Dr. Stewart answers your frequently asked questions

Today, Dr. Bruce Stewart wanted to address some questions that our office hears regularly and may be of interest to many of our patients. If you have any more questions, feel free to leave us a comment or ask us at the office!

Q. Are x-rays really necessary?

A. X-rays allow us to see cysts, abscesses, and decay between the teeth, as well as periodontal disease damage. Without x-rays, we would not be able to see the problem until it was larger.

Q. Why, in my retirement, am I suddenly getting new cavities when I went many years without cavities?

A. Often cavities in advanced years are associated with decreased saliva flow. This can occur simply with age. However, more likely it is medication that has a side effect of making the mouth dry. A significant number of common medications can cause dry mouth. Snacking between meals and sucking on mints, lemon drops, etc…can also promote rapid tooth decay.

Q. How can I prevent decay when I have receding gums?

A. The result of gum recession is exposed roots. They are much more susceptible to tooth decay than the upper portion of the tooth which has an enamel covering. Professionally applied fluoride varnish, xylitol gum and mints, and prescription-level fluoride toothpaste are all beneficial in helping to prevent, or minimize, decay around exposed roots.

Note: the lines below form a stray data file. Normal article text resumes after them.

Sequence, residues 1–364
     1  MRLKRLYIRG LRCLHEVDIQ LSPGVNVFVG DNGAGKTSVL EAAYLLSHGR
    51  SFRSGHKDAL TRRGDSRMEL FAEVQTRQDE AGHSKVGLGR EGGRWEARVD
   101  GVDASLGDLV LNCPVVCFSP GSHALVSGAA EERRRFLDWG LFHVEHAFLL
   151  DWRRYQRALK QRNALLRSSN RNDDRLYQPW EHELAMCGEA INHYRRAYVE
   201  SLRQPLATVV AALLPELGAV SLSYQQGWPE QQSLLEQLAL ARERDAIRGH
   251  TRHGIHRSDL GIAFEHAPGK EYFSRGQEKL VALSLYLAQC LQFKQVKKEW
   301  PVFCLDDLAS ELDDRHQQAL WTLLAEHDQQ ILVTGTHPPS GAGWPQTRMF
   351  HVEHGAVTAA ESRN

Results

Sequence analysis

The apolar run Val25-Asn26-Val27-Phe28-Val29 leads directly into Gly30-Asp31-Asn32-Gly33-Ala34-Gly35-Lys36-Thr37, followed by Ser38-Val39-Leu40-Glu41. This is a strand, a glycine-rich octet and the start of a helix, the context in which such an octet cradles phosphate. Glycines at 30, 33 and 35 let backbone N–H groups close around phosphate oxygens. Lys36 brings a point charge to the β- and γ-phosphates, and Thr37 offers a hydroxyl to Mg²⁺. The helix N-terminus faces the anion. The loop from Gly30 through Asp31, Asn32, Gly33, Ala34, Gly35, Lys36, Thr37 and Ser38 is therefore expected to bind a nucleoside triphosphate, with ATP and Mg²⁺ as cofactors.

Q.How can I help my decay-prone teenagers prevent tooth decay?

A. Caution them about the high sugar and acid levels in sports and energy drinks, which are often comparable to the levels in soft drinks. What dentists have been saying for years is true: candy and soft drinks (sugar) are bad for teeth. The same products that can help prevent decay around exposed roots will help prevent or minimize tooth decay in teenagers. Brushing and flossing daily are very beneficial in preventing decay. Decay really can be controlled and is preventable!